Hook & Hunting: Daily Number of Brook Trout in U.P. Staying at Five
The DNR decided today the recommended number of brook trout caught daily in the U.P. will stay at 5.
In 2000, the limit for brook trout was reduced from 10 to 5, since then anglers have asked the DNR to consider raising it back to 10.
A survey was conducted March 26 through May 28, 2012 and based on feedback the daily possession limit for brook trout will not be raised to 10 fish at this time for the following reasons:
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FOR IMMEDIATE RELEASE
Aug. 9, 2012
Contact: Brian Gunderman, 269-685-6851 or Ed Golder, 517-335-3014
DNR recommends brook trout daily possession limit stay at five in Upper Peninsula
The Department of Natural Resources' Fisheries Division announced today that after internal and external reviews, it is recommending the brook trout daily possession limit for the Upper Peninsula remain at its current level of five.
In 2000, the daily possession limit for brook trout in most Michigan streams was reduced from 10 fish to five fish. Since that time anglers have asked the DNR's Fisheries Division to consider reinstating the 10 fish daily possession limit for brook trout on Upper Peninsula streams.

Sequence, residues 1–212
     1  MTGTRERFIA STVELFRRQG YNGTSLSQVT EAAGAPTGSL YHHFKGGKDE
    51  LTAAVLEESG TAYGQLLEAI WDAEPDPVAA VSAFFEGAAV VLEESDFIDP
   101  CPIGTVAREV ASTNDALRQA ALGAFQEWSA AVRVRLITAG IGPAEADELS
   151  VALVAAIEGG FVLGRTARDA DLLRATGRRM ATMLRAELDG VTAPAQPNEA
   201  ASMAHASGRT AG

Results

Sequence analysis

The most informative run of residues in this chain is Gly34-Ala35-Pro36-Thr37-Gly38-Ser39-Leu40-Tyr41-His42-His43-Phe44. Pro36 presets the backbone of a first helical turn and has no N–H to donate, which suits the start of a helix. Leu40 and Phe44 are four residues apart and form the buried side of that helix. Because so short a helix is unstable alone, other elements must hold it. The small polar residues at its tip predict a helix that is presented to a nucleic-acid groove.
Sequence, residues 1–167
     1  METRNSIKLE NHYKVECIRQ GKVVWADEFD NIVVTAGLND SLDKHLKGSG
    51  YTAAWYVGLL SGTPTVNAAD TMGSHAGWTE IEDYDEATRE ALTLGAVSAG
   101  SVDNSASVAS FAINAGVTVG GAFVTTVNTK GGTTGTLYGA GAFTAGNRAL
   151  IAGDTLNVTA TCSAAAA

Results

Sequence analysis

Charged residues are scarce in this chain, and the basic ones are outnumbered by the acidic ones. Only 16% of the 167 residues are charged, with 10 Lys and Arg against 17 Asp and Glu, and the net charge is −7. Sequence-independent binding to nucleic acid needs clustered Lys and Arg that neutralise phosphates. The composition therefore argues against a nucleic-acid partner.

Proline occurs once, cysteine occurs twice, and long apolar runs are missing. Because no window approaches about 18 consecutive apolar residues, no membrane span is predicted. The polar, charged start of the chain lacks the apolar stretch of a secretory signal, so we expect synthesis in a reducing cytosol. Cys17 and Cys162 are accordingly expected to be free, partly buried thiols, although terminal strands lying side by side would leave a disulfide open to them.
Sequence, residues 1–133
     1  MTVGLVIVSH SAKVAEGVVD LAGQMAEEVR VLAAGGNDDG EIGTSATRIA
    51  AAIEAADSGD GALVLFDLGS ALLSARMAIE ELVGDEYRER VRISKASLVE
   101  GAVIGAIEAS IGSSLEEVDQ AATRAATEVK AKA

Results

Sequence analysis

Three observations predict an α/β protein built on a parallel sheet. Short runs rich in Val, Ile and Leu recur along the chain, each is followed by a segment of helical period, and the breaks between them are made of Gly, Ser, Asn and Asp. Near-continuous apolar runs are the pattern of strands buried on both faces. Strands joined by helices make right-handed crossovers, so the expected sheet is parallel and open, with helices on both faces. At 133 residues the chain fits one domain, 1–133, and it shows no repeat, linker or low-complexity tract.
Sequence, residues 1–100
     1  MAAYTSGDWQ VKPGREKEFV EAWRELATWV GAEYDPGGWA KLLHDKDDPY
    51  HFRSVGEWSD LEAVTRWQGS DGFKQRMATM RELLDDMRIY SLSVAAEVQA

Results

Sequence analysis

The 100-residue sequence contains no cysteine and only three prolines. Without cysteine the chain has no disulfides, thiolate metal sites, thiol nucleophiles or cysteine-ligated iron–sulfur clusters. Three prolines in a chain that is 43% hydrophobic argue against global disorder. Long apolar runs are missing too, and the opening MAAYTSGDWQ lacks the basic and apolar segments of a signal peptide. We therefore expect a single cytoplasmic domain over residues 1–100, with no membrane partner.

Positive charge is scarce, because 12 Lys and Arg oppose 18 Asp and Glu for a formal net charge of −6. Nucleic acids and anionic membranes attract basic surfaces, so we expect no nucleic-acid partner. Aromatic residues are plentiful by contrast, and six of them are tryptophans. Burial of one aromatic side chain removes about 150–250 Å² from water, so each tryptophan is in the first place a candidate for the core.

Fisheries Division staff conducted an internal review on this issue in 2011 and after that solicited broad public input regarding the proposed regulation change via an online and telephone survey. The survey was open from March 26 through May 28, 2012 and received more than 1,400 responses. This was the highest response rate Fisheries Division had ever seen in regards to a regulation issue.
Due to the results of that survey, and based on additional feedback gathered through letters, constituent meetings, and other methods, it has been recommended the daily possession limit for brook trout not be raised to 10 fish at this time for the following reasons:
(1) There are no biological benefits and some slight biological risks with raising the daily possession limit.
(2) Based on the results of the public survey and historic creel data, it appears raising the daily possession limit would benefit a relatively small percentage of the angling population.
(3) Nearly twice as many anglers opposed the possession limit increase compared to those who supported the change. Given that there is no biological need to increase the daily possession limit, it is not prudent to establish a regulation that does not have a significant margin of support from the angling public.
The final decision will be announced at the Natural Resources Commission meeting in Ontonagon on October 11, 2012.